Want to save money, save your clothes, and help the environment? Using a clothesline is the answer!
The humble clothesline is cheaper than a dryer to set up and to run, it takes better care of your clothes, with no pollution or fossil fuels at all.
In fact, it’s the cheapest and most efficient alternative energy technology available to most folks. Solar panels and wind turbines got nothing on a little string between two poles.
These factors definitely motivate me to keep line drying, but what really got me started, even when a dryer was available, was pure selfishness.
My dryer made the house hotter. It was old, leaky and our AC was past it’s prime and puny and finally one summer day I was hot as heck and not gonna take it anymore. Not one more bit of heat was entering my door.
For several months I enjoyed the fresh smell, the gentle exercise, and most of all the quiet coolness. Come winter, I went back to the dryer until one stormy night it died with a load of jeans just washed, a load of blankets half-washed, and no spare money lying around for repairs or new dryers.
All I had was just some line, a shoebox full of clothespins, and an enclosed porch (where it turns out, my ancestors had left nails in the walls, high up, for their own wash line. Thank you, great-great-aunts Jenny and Mabel.) The jeans took a while and got kind of crispy but they dried.
Since then we’ve bought a new dryer, cooler and more efficient and very, much appreciated for specific jobs but the clothesline is still the main dryer and I’m still pretty much in love with air-drying. It is utterly simple but there are a few things I’ve learned.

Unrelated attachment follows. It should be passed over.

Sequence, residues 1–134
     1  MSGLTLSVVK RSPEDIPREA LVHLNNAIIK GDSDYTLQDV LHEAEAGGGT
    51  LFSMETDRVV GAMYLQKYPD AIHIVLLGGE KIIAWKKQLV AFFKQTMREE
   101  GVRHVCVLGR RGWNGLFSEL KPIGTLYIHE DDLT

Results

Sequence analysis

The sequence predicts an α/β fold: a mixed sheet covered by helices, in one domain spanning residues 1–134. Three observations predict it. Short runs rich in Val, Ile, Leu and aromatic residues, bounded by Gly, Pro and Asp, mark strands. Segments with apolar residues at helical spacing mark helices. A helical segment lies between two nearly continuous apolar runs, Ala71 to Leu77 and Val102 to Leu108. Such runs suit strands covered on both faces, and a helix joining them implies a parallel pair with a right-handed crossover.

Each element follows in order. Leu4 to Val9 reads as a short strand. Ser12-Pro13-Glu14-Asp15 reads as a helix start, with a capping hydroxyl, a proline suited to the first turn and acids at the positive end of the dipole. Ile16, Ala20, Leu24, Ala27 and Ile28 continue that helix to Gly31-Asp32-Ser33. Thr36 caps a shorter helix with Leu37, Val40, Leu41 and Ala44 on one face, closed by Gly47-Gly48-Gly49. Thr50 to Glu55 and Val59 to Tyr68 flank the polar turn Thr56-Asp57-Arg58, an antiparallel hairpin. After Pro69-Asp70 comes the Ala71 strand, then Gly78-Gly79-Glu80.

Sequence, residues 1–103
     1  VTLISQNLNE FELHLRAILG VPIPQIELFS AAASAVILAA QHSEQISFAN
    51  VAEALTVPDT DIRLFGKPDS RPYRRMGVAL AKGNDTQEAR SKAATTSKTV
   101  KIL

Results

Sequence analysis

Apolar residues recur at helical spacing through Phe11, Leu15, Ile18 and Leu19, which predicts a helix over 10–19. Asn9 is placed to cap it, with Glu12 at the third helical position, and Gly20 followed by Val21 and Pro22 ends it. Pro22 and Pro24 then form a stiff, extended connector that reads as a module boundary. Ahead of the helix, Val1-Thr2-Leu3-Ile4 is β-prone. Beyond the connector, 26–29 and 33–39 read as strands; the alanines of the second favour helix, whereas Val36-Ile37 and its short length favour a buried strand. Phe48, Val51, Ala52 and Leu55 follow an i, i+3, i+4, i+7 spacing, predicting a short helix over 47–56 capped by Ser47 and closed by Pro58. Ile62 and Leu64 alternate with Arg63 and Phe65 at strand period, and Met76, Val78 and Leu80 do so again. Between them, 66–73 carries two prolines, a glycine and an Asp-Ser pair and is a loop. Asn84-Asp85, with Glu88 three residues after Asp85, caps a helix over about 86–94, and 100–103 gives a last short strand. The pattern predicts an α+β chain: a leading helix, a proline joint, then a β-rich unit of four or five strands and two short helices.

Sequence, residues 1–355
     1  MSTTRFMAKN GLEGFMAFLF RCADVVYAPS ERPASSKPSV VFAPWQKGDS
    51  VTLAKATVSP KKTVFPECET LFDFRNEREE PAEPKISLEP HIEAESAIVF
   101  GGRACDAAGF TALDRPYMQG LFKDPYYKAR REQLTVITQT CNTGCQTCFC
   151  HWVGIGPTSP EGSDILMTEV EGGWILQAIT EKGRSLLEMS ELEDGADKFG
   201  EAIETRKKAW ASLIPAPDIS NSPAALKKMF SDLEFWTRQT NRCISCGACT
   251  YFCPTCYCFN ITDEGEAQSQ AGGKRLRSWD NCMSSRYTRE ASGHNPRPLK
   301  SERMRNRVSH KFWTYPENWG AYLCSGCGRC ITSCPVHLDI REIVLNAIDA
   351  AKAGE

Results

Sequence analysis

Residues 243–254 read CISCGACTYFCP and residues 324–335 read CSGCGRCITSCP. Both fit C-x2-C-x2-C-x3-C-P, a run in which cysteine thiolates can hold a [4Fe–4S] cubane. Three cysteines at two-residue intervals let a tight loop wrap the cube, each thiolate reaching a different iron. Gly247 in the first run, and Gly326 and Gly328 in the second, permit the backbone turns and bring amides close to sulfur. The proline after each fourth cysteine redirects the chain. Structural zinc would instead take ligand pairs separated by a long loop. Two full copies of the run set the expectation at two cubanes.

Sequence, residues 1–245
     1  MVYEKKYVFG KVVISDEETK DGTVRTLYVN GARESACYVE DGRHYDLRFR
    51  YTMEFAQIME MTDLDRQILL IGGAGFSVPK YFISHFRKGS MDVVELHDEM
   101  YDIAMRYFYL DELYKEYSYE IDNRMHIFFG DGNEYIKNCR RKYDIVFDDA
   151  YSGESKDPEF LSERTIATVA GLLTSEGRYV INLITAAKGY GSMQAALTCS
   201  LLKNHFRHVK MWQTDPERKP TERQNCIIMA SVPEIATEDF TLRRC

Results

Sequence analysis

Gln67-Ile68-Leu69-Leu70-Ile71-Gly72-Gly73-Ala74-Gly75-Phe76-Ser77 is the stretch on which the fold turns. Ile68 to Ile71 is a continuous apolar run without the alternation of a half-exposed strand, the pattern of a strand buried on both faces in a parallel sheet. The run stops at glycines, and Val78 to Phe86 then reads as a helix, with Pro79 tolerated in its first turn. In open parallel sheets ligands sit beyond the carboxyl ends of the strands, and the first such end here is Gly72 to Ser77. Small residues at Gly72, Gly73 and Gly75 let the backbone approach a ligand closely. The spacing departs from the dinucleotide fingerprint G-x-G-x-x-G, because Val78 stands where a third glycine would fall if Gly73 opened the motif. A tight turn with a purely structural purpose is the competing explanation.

Tips for Using a Clothesline
- Smell matters. Blooming lilacs next to the line are lovely, barbecues not so much.
- Lint stays. Most lint is the fibers of your clothing and you want them to stick around, but the clothesline will not remove cat hairs, shredded tissues, or any other mystery lint, especially from dressy dark knits. Check pockets, match pets to wardrobe, or go ahead and use the dryer.
- Unmentionables are maybe the most important thing not to put in the dryer. They are delicate, full of heat-sensitive elastic, and not much fun to replace. But they’re also what you least want to share with your neighbors. Dry them indoors or set up three lines, with sheets and towels on the outside, skivvies in the middle.
- If you are lucky enough to have handmade quilts, please line dry them. It’s a lot gentler on these delicate items.
- On very hot days, bring the clothes in when they’re dry unless you like starched shorts.
- Hang t-shirts by the armpit. Hang slacks by the cuffs. Snap plackets and hems to get a nice crisp finish.
- Dresses and blouses can go on hangers, which can also be easier for people with mobility issues.
- The sun’s bleaching action is gentle. It freshens musty smells and brightens whites but it doesn’t actually remove big globs of guacamole.
- Outdoor drying will slightly cool the surrounding air, making a very nice spot to lie on the grass.
- Put your line over grass because you will drop things.
- Indoor lines don’t need clothespins. Duh, you say, but I didn’t know that at first.
- Indoor drying humidifies the house, which could be good or bad, and it’s slower than outdoor.
- You can use anything from a string tied between two tall things like trees (eventually this will hurt a tree) to a fancy folding rack. It’s your laundry.
Do you line dry your clothes? Share your thoughts in the comments below or on our Facebook page.